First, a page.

Senior-held home equity bounces back in Q1 2024: NRMLA

Homeowners 62 and older saw their collective home equity levels rise in the first quarter of 2024 by roughly $328.5 billion to a total of $13.19 trillion, a recovery after decreases observed over the past year.

This is according to the Reverse Mortgage Market Index (RMMI), a measure of senior-held home equity maintained by the National Reverse Mortgage Lenders Association (NRMLA) and data analytics firm RiskSpan.

The RMMI increased to 461.28 in Q1 2024, up from the revised Q4 2023 level of 449.79. Senior home values increased to $15.5 trillion in the first quarter, an all-time high, tempered somewhat by an increase in senior-held mortgage debt to $2.35 trillion.

“The Federal Housing Administration (FHA) Home Equity Conversion Mortgage, which more than 1.3 million people have used to supplement retirement savings and to age in place, enables older homeowners to convert their housing wealth into a liquid asset safely and sustainably,” NRMLA President Steve Irwin said in a statement accompanying the index.

“Reverse mortgages support everyday expenses, home downsizing or modification for better senior living, caregiving and uncovered healthcare, health emergencies, drug expenses, adult children’s needs, transportation, and participation in organizations and activities that enable older adults to sustain social engagement and avoid loneliness,” he added.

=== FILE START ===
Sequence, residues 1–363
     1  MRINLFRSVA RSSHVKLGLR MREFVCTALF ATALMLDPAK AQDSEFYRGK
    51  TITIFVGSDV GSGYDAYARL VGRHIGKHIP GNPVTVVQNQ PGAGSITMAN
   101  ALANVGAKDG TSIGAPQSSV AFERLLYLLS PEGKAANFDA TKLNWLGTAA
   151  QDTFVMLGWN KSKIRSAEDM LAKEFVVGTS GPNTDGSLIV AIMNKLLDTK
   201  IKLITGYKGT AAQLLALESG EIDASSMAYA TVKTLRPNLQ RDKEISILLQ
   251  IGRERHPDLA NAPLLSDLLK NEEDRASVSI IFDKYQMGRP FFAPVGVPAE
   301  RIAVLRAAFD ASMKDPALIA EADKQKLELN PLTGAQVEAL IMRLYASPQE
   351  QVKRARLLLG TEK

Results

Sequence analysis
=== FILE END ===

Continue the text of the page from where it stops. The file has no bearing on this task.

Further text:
Senior homeowners were big beneficiaries of the run-up in home prices observed during the COVID-19 pandemic. In 2011, the collective level of senior-held equity sat at roughly $3 trillion, while in Q3 2021, it topped $10 trillion for the first time. In Q1 2022, it exceeded $11 trillion.

The collective senior housing wealth figure accelerated during the pandemic. It reached the $9 trillion threshold for the first time in Q1 2021 and passed $8 trillion for the first time only three months earlier. It previously topped $7 trillion for the first time in Q4 2018.

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